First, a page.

Corporate Crime & Compliance UK

  • February 23, 2024

    Barclays Must Face Trimmed Suit Over $17.6B Over-Issuance

    Barclays PLC and a number of its top executives must face a trimmed version of a proposed class action over a financial reporting error that led to Barclays selling more than $17.6 billion in securities over its maximum registered amount, a New York federal judge ruled Friday.

  • February 23, 2024

    UN Tax Pact May Need OECD Nations' Support, Diplomats Say

    The United Nations' global tax convention will likely require adoption by many advanced economies to address corporate tax abuse effectively, diplomats said, after countries resolved to pursue consensus over the long term but retain majority rule while drafting its terms of reference.

  • February 23, 2024

    Therium Can't Block Law Firm's Claim Over VW Scandal

    A London court refused Friday to end a law firm's claim that litigation funder Therium breached a confidentiality agreement for group emissions litigation against Volkswagen, even though the case involves some facts similar to one decided by the U.K.'s top court.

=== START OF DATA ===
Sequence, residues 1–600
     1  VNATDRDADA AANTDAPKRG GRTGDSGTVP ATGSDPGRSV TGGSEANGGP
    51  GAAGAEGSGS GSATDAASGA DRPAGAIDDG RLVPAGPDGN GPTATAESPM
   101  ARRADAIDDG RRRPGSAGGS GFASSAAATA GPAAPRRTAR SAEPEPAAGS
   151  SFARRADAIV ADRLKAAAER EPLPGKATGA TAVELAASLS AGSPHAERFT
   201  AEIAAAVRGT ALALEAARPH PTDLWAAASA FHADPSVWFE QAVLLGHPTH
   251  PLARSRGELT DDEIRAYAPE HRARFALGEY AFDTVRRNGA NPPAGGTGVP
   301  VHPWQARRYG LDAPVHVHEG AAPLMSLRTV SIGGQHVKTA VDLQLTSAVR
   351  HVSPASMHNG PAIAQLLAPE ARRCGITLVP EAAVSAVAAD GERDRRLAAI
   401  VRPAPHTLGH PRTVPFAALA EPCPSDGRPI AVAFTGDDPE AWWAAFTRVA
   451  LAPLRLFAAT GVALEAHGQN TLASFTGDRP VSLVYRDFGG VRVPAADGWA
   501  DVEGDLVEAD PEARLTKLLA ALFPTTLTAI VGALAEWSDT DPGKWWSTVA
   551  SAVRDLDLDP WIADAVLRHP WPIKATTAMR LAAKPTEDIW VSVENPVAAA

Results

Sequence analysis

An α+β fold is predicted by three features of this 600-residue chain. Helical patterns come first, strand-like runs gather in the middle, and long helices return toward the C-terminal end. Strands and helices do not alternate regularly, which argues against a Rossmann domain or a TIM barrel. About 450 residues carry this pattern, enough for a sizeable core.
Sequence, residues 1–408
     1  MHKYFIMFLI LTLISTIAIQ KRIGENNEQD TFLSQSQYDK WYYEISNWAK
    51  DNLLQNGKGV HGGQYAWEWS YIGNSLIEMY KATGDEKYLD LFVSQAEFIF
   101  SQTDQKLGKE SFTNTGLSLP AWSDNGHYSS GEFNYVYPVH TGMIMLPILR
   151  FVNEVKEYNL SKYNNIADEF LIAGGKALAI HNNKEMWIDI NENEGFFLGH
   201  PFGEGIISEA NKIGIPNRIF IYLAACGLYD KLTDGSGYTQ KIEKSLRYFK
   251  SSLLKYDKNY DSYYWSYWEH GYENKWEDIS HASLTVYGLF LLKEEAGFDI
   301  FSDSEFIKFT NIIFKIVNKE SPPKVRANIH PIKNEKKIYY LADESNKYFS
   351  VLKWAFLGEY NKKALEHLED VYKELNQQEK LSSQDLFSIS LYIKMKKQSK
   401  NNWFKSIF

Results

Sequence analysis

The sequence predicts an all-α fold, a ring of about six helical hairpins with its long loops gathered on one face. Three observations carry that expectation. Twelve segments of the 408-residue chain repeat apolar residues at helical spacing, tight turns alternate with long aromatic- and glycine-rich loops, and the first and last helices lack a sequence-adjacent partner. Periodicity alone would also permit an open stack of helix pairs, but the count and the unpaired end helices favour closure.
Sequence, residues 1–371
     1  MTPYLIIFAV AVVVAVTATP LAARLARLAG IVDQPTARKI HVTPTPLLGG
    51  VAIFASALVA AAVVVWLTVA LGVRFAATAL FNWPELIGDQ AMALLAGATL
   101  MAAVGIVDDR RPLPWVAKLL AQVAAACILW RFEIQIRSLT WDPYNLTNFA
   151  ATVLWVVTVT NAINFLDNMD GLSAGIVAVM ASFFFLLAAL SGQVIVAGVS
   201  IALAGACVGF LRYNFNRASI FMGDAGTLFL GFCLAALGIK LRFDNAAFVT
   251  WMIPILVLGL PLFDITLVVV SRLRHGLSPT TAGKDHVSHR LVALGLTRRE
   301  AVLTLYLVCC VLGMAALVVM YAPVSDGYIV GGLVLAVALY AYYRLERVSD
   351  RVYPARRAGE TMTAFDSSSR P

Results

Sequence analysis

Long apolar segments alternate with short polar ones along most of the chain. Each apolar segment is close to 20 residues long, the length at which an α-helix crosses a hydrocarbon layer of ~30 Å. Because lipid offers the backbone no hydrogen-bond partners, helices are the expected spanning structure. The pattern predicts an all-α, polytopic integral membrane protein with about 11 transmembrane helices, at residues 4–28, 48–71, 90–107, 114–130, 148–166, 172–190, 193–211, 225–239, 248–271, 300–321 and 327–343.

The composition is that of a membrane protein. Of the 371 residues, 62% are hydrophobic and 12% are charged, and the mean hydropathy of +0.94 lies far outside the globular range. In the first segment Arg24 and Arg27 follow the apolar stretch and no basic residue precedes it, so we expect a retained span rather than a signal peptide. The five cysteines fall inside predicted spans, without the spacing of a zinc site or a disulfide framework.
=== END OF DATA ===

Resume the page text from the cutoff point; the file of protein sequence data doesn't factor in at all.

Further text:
• February 23, 2024

    Ex-Kurdish Energy Minister Largely Fails To Ax Libel Defense

    An Iraqi politician largely failed to throw out an investigative reporting organization's defense to his defamation claim, after a London judge ruled that journalists had a real chance of showing they fairly and accurately reported legal proceedings in an article about alleged corruption in the Iraqi oil business.

  • February 23, 2024

    Ex-Law Firm Worker Can't Nix Sanction Over Siphoned Funds